In the final analysis, military courtesy is the respect shown to each other by members of the same profession. It is a privileged gesture of respect and trust among soldiers.Some of the Army's more common courtesies include rendering the hand salute, standing at attention or parade rest, or even addressing others by their rank. Remember the salute is not only prescribed by regulation but is also recognition of each other's commitment, abilities, and professionalism. Some historians believe the hand salute began in late Roman times when assassinations were common.Courteous behavior provides a basis for developing good human relations.The distinction between civilian and military courtesy is that military courtesy was developed in a military atmosphere and has become an integral part of serving in uniform. Most forms of military courtesy have some counterpart in civilian life.The breach of some Army customs merely brands the offender as ignorant, careless, or ill bred. Courtesy among members of the Armed Forces is vital to maintain discipline.Violations of other Army customs, however, will bring official censure or disciplinary action. Military courtesy means good manners and politeness in dealing with other people.The salute is an expression that recognizes each other as a member of the profession of arms; that they have made a personal commitment of self-sacrifice to preserve our way of life.The fact that the junior extends the greeting first is merely a point of etiquette-a salute extended or returned makes the same statement.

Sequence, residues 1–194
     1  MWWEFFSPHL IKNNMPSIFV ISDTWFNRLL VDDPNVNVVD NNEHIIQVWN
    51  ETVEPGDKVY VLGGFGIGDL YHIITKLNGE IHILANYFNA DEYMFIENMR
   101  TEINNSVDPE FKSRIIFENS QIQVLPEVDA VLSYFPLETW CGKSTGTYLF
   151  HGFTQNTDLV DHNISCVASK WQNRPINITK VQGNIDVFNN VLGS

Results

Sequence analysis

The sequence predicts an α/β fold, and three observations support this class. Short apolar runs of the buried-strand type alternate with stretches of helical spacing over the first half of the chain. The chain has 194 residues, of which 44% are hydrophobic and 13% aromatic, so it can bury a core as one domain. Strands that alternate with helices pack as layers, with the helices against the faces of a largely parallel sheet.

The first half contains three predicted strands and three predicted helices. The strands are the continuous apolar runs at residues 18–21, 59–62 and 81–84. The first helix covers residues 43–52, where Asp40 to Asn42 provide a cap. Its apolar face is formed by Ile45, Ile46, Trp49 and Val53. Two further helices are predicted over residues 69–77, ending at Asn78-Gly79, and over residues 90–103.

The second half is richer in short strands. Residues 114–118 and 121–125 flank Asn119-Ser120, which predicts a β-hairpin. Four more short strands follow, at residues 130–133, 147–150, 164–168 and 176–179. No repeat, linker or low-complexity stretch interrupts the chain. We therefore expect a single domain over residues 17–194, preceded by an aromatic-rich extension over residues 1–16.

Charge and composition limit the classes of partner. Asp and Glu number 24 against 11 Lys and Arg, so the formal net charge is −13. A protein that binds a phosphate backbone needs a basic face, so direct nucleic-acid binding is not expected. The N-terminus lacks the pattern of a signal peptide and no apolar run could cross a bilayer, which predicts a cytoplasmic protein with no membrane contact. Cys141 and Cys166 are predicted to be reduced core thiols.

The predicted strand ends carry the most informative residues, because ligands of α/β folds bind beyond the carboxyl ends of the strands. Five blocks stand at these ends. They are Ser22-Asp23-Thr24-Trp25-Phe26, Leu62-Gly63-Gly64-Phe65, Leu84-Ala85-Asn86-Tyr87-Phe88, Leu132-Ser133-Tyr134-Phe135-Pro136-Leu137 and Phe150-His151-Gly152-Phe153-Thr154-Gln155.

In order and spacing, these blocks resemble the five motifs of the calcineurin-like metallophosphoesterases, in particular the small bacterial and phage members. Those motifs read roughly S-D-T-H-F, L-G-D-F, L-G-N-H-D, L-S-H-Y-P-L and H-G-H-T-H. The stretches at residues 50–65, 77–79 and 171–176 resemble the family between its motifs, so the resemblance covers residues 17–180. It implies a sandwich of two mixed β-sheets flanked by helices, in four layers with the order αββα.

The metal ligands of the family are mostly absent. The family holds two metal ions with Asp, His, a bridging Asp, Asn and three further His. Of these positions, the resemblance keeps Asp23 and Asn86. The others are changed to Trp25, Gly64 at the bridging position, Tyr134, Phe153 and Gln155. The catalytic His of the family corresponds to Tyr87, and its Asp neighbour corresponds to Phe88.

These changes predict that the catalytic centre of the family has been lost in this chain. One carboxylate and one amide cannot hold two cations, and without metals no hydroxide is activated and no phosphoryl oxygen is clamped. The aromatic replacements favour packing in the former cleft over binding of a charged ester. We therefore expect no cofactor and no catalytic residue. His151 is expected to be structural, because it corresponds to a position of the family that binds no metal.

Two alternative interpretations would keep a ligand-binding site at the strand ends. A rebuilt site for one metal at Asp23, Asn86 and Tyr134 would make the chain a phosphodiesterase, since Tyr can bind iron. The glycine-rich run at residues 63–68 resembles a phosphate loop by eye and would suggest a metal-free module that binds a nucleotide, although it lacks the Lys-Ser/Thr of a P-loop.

By 1820, the motion was modified to touching the hat, and since then it has become the hand salute used today.Those customs that endure stand on their own merits.As a long established social organization, the Army observes a number of customs that add to the interest, pleasure, and graciousness of Army life.For more information on Department of the Army policy for unit and individual flags, guidons, and streamers see AR 840-10, Heraldic Activities-Flags, Guidons, Streamers, Tabards, and Automobile and Aircraft Plates. The Army has its own customs, both official and social.Some have been handed down from the distant past while others are of comparatively recent origin.